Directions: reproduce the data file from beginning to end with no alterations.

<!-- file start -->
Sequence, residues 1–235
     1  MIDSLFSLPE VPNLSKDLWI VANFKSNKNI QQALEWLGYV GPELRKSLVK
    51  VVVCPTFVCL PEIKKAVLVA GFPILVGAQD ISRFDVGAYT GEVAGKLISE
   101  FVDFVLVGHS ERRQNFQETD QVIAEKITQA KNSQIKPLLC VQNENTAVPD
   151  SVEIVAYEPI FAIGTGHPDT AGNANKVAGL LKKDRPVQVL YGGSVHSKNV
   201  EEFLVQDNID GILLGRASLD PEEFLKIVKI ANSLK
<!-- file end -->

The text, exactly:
Sequence, residues 1–235
     1  MIDSLFSLPE VPNLSKDLWI VANFKSNKNI QQALEWLGYV GPELRKSLVK
    51  VVVCPTFVCL PEIKKAVLVA GFPILVGAQD ISRFDVGAYT GEVAGKLISE
   101  FVDFVLVGHS ERRQNFQETD QVIAEKITQA KNSQIKPLLC VQNENTAVPD
   151  SVEIVAYEPI FAIGTGHPDT AGNANKVAGL LKKDRPVQVL YGGSVHSKNV
   201  EEFLVQDNID GILLGRASLD PEEFLKIVKI ANSLK